4 minutes reading time (832 words)

RealSkiers: How Not To Save A Buck

Boot fittingSkiing is expensive. Just affording the requisite underwear requires a second mortgage, never mind all the other clothing layers, equipment, travel, lodging and such niceties as food. Every expense seems to beget another: boots need custom insoles, skis need bindings, goggles go with helmets and you need bags of every description just to haul it all around.

At realskiers.com, we tend to attract an upscale clientele that understands the value of expert service, but beyond our reach lies the world of entry-level and low-frequency skiers, often budget-minded members of the beleaguered middle class who seek relief at mass-market superstores that tout low-cost package deals.  The biggest problem with this pairing is that one side doesn’t know what they need and the other neither knows nor cares.

I once heard the head of a major sporting goods chain succinctly describe his stores’ credo as, “We sell junk to dopes,” only he didn’t use the word “junk.” Another, sounding like Monty Burns, mentioned one of his chain’s priorities was to reduce their already pitiful staffing level. The competence of said staff wasn’t a subject worthy of consideration.  

Store To Slope

I’m sure a great percentage of the folks who patronize mass merchants go straight from store to slope and somehow survive the experience. There’s always a chance the package ski is adequate, and if the ski isn’t tuned or the boot doesn’t fit, how are they to know? After all, skiing’s supposed to be hard, isn’t it?

Actually, no, it isn’t, but it sure is a miserable slog if none of your gear – and particularly your boots – aren’t right for you. It’s like trying to steer a car from the back seat. This is the biggest pitfall of the chain store as your equipment purveyor: when it comes to proper boot fitting, they know not what they do.

If you’re standing in front of a mass merchant’s ski boot display, neither, most likely, do you. Chances are, your only previous ski boot experience was with rentals. This leaves you with some idea of what to avoid but very little notion of what “proper” actually feels like. You’re ripe for the plucking, and boy, do you get plucked.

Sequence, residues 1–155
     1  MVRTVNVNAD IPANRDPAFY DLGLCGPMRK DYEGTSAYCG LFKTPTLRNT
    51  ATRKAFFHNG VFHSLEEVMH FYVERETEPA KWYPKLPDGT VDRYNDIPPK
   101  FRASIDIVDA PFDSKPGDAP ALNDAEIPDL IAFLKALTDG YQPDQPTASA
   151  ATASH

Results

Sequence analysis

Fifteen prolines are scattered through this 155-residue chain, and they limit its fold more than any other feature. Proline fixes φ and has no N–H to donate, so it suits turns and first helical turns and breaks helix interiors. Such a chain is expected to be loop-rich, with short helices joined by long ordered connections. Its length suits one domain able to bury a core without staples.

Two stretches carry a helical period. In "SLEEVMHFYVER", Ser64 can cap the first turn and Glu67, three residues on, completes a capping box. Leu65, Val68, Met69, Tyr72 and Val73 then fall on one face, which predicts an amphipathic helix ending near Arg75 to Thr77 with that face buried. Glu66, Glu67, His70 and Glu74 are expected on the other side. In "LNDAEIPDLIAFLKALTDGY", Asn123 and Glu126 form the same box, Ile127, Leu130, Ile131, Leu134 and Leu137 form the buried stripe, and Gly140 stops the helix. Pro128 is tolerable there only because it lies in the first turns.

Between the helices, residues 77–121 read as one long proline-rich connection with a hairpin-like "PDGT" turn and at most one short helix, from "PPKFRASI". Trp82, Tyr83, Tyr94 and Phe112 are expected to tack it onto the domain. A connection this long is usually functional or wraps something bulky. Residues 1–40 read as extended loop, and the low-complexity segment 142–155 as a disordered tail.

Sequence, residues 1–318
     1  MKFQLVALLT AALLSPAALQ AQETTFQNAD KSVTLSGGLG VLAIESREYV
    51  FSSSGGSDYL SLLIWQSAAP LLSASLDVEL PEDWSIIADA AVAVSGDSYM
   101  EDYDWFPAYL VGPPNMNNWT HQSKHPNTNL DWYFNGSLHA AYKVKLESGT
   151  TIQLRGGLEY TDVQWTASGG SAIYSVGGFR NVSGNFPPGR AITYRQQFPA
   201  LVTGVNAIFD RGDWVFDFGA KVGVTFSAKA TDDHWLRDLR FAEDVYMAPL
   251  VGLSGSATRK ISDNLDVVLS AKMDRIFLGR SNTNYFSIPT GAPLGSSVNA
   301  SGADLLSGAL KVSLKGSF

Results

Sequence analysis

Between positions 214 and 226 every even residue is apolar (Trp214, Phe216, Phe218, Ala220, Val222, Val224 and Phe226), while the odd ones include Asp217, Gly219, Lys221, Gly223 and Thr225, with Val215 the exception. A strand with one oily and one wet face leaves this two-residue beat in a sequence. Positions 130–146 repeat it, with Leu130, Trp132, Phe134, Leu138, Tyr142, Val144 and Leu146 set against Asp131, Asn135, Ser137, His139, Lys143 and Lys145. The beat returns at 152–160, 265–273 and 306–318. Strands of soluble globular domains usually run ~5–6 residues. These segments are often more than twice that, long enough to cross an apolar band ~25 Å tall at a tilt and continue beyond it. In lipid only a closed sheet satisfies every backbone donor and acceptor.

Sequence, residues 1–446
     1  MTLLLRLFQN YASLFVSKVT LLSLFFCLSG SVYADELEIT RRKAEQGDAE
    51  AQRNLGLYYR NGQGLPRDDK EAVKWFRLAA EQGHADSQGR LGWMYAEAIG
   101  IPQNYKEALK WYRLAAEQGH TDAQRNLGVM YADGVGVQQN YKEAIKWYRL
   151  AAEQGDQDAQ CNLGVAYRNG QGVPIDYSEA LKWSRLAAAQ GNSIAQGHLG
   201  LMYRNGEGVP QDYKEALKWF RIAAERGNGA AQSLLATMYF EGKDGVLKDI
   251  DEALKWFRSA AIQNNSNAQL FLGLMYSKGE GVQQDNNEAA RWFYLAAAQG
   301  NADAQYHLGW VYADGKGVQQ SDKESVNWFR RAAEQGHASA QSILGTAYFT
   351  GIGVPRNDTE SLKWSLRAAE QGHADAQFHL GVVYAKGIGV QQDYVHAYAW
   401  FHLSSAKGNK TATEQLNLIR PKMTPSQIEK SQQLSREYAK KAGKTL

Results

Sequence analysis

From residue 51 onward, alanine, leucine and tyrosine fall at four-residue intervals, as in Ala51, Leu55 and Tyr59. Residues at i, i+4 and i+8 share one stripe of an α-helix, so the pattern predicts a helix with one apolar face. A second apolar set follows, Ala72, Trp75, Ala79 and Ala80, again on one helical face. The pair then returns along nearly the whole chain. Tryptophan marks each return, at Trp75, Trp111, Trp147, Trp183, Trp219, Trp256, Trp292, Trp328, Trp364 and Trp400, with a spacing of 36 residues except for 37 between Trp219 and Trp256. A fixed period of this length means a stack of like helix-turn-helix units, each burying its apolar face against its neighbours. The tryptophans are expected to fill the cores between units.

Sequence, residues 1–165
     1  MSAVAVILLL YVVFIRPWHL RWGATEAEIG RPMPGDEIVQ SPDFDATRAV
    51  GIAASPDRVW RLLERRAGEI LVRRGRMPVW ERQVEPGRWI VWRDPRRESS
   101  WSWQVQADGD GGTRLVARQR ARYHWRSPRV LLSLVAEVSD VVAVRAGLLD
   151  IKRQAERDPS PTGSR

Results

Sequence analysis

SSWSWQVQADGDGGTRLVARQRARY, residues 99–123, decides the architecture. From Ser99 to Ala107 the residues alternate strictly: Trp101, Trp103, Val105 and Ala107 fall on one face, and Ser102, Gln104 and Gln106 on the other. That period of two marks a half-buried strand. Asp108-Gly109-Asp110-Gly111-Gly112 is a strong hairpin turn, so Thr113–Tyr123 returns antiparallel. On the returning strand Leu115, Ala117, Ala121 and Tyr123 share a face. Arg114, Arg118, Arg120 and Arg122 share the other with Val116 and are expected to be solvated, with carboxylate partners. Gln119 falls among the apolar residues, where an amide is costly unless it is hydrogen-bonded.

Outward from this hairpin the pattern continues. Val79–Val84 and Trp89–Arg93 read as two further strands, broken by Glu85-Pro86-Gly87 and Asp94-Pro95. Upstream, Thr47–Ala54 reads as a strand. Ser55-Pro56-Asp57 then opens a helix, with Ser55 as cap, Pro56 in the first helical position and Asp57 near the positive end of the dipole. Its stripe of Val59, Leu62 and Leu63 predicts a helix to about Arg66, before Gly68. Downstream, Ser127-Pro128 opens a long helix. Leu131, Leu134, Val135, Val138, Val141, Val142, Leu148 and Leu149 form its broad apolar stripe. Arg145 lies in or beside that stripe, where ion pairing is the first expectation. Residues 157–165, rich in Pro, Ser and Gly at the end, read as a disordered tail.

I can make this bald assertion because I labor in the vineyard of specialty ski retailing, the backstop, emergency room and safety net where all the wreckage caused by the collision of new skier and chain store inevitably arrives.

The most common, irremediable flaw is a lousy boot that’s a minimum of one full size too big. This isn’t something that we, the wise specialists, can fix. Whatever investment in time and money you made in the discount boot is flushed, period.
It’s not that specialty stores never make mistakes; even the most diligent practitioner of the bootfitter’s art will still err. But most of the gaffes will be due to over-reaching, of trying to achieve perfection in an imperfect world. But errors in over-sizing aren’t accidents at chain stores; they’re a way of life.

Just as a chain’s ideal ski doesn’t require mounting, its perfect boot is an amorphous bucket that doesn’t require sizing, or heaven forefend, fitting. If the boot is closed and you’re not complaining, it’s your size! The fact that it fits your foot like an empty Kleenex box with commensurate support shouldn’t bother you too much because despite these flaws they still feel better than the last boots you rented.

Not Only Boots

Boots aren’t the only item where apparent savings may prove ephemeral. Sometimes the best-looking ski deals are, upon closer inspection, the worst. Suppose you find a $900 ski on sale for $99; if there’s an element in the middle of the ski that looks like an exotic cribbage board, this means there’s only one binding that matches that ski and guess who doesn’t have it?

The saddest part of this story is that the people who need every break they can get end up spending more when they might have spent the same or less at a specialty shop if they’d only gone there in the first place. Just because specialty shops know how to take care of experts’ exacting requirements doesn’t mean they’ve forgotten how to cosset beginners. They know better than a mass merchant how to stretch a budget without wasting a penny.

One piece of advice the entry-level skier will hear from every quarter is that the most important piece of equipment is the boot. As this bit of conventional wisdom happens to be true, it only makes sense to shop for boots where it’s the lifeblood of the enterprise.

Nobody needs more help with gear selection and fitting than the budding skier making his or her first purchase, and nobody is less likely to get it than the bargain hunter at the chain store. The only place they’re more likely to waste their time and money procuring gear that won’t work is on the Internet.

Photo: The importance of boot fitting at a specialty shop (realskiers.com)
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